The Ministry of Oceans and Fisheries said Thursday that a wild pollack, locally called “myeongtae,” was caught in eastern waters near Uljin, North Gyeongsang Province. The fish, procured through a net installed 100 meters underwater, was 56 centimeters long, a tad smaller in size than its typical 61 centimeters. It was transported live to a research facility under the National Institute of Fisheries Science for further inspection.
|Wild pollack caught in waters off Uljin, North Gyeongsang Province (Yonhap)|
The government has been running a recovery project worth 24.8 billion won ($21.9 million) since 2014 to invigorate the South Korean pollack population. A crucial part of the project was releasing 1,000 fry, or juvenile fish, into the wild in the waters adjacent to the coastal city of Sokcho, Gangwon Province, last June.
The fry had labels attached to their dorsal fins to distinguish them from wild shoal. There were no signs of any labels on the fish caught Thursday.
Experts blame global warming along with ruthless overfishing for the decline of the pollack population in South Korea, which according to data released by the Japanese Government General of Korea, took up 14.9 percent of Korea’s entire seafood market in 1942. Currently, approximately 90 percent of pollack consumed in Korea is imported from either Russia or Japan.
|A poster designed to promote the search for Pollacks in South Korean waters. (Yonhap)|
Pollack is considered the James Bond of Korean seafood due to a wide spectrum of identities and names that follow both underwater and on the dinner tables. There are at least 28 different variations that derive from the Korean term “myeongtae,” based on the processing method, location and size of the fish.
Pollack caught fresh after spawning season are called “kkeoktae,” those caught in waters near Gangwon Province are dubbed “gangtae” and fry between the size of 20 and 25 centimeters are “nogari.”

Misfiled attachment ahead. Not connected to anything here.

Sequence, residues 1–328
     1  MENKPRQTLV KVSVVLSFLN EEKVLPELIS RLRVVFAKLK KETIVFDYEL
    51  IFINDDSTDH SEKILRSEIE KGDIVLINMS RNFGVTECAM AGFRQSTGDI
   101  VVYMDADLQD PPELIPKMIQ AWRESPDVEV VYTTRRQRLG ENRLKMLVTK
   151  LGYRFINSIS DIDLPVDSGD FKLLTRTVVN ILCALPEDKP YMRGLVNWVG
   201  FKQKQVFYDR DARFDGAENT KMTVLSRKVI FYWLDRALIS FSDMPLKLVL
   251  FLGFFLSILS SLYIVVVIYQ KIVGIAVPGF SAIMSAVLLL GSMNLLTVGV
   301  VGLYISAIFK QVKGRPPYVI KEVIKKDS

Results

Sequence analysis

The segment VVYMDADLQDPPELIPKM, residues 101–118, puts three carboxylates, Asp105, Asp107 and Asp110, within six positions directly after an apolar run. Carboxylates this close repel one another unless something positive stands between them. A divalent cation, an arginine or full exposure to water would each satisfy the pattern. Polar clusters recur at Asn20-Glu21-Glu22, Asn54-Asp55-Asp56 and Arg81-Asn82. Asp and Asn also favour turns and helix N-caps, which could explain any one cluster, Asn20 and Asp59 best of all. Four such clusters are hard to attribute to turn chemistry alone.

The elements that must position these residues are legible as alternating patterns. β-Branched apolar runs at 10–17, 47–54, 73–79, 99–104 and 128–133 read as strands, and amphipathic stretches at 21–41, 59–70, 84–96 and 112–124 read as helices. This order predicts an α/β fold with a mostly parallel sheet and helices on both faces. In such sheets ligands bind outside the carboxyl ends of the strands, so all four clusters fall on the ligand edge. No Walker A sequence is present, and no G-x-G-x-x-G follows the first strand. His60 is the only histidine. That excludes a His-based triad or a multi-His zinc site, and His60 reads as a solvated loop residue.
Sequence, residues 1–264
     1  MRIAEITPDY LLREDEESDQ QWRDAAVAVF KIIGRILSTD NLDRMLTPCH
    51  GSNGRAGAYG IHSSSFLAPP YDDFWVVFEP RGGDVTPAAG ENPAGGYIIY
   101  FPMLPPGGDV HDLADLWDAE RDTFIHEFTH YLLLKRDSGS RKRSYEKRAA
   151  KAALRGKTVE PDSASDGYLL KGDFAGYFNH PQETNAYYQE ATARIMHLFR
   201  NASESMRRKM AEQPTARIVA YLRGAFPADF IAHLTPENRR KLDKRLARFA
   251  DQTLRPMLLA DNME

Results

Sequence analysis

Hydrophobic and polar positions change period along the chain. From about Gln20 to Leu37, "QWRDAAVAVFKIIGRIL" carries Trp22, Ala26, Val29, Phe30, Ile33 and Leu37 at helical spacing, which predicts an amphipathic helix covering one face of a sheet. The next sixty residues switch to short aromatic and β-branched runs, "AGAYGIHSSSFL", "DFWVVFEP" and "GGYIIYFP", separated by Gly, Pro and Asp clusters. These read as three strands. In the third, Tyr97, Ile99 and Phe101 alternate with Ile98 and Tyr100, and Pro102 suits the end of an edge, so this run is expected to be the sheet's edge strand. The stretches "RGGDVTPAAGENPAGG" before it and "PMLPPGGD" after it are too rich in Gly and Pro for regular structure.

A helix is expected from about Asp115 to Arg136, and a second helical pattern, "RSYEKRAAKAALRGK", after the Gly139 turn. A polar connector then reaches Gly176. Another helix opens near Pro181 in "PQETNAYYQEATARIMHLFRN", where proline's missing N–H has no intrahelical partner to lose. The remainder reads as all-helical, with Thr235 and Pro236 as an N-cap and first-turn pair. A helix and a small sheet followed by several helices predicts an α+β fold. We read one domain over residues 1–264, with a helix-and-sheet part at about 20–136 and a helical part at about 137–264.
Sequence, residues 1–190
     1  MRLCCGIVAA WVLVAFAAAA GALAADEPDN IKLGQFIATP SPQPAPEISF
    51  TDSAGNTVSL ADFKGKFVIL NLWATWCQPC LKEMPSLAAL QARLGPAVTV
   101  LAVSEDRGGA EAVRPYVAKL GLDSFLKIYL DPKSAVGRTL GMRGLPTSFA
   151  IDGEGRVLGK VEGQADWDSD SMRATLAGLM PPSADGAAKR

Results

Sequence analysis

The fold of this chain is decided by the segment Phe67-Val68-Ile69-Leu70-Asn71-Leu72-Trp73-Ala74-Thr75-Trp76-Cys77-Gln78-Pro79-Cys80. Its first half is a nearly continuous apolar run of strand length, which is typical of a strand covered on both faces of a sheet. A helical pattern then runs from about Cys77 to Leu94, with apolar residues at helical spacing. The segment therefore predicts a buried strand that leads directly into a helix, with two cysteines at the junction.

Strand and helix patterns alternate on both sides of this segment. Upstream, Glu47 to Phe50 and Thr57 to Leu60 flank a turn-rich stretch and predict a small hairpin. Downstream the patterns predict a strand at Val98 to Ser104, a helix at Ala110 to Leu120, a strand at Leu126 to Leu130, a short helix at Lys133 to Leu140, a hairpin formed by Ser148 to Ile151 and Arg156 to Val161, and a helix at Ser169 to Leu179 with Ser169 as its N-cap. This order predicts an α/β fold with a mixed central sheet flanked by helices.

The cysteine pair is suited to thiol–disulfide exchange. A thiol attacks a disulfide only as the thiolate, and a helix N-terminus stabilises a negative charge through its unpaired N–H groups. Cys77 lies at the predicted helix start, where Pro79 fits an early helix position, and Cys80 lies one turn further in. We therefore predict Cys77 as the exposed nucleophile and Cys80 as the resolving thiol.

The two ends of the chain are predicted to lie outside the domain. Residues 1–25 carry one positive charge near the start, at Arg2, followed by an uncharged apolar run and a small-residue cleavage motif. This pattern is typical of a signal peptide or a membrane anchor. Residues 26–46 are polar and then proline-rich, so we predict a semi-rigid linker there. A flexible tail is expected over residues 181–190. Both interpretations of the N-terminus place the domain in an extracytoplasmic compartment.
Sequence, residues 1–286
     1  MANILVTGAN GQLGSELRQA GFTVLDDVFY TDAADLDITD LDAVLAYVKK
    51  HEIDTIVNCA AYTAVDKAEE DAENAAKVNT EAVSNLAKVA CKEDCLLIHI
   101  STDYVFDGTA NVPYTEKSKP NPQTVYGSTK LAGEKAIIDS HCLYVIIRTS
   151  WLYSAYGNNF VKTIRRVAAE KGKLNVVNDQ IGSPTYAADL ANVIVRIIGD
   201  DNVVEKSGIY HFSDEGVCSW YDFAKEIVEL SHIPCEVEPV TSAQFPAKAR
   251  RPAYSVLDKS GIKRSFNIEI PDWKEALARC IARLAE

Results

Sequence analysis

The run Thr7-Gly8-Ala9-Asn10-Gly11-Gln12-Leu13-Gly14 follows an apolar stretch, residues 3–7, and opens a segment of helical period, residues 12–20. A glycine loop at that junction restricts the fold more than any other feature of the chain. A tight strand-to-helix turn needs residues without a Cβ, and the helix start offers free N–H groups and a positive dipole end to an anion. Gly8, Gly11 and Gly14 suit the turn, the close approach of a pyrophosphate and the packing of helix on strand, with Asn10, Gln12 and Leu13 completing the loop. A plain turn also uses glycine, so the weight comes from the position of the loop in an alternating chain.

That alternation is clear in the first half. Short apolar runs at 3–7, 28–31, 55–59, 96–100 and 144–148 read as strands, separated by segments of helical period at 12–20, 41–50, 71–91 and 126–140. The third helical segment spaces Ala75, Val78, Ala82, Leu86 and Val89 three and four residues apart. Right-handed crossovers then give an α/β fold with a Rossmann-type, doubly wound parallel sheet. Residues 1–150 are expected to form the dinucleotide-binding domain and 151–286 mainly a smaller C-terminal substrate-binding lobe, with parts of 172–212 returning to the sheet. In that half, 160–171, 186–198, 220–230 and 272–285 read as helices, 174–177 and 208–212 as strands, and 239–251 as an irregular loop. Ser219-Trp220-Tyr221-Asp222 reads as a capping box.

Regarding its state of preservation, pollack dried under special conditions are labeled “hwangtae,” while freeze-dried ones are “dongtae” and the fully dried are “bookuh,” which is often used as a base ingredient for “hangover soup.”
The list goes on, as Koreans’ affection and longing for the fish -- and various dishes made from it -- has even bestowed it a fairly new moniker: “geumtae,” meaning “golden pollack” for its scarcity.
Folk rock star Kang San-ae took it to the next level and named a song after the fish in the early ‘90s. The number is a witty serenade with lyrics that praise the beauty of its versatility, taste and charming nicknames.
“You become my blood and flesh, too soft and delicious ... there is nothing to waste,” Kang sings.
Last September, a research facility under the Ministry of Oceans and Fisheries that focuses on the habitat of the East Sea successfully developed a technique that could farm breed the fish. The chief manager of the project, 52-year-old Dr. Byun Soon-gyu, has been called by his colleagues “Myungtae Daddy” for his contributions and dedication to the project.
In an interview with a local media outlet, Byun explained the project faced several difficulties due to the scarcity and sensitive nature of wild pollack. “The research started in the mid-2000s, but there was no progress due to its scarcity. Besides, problems continued even after we procured the subjects -- the fish would die from stress and wounds despite our efforts to provide the best environment.”
The project gained traction in 2015 following the procurement of a healthy female specimen that was able to provide 530,000 fertilized eggs. Now, the facility is a home to 500 fully matured pollack and 50,000 fry.
“We are expecting that households in Korea will finally be able to enjoy foods cooked from local pollack by 2020,” said the institute.
By Jung Min-kyung (firstname.lastname@example.org)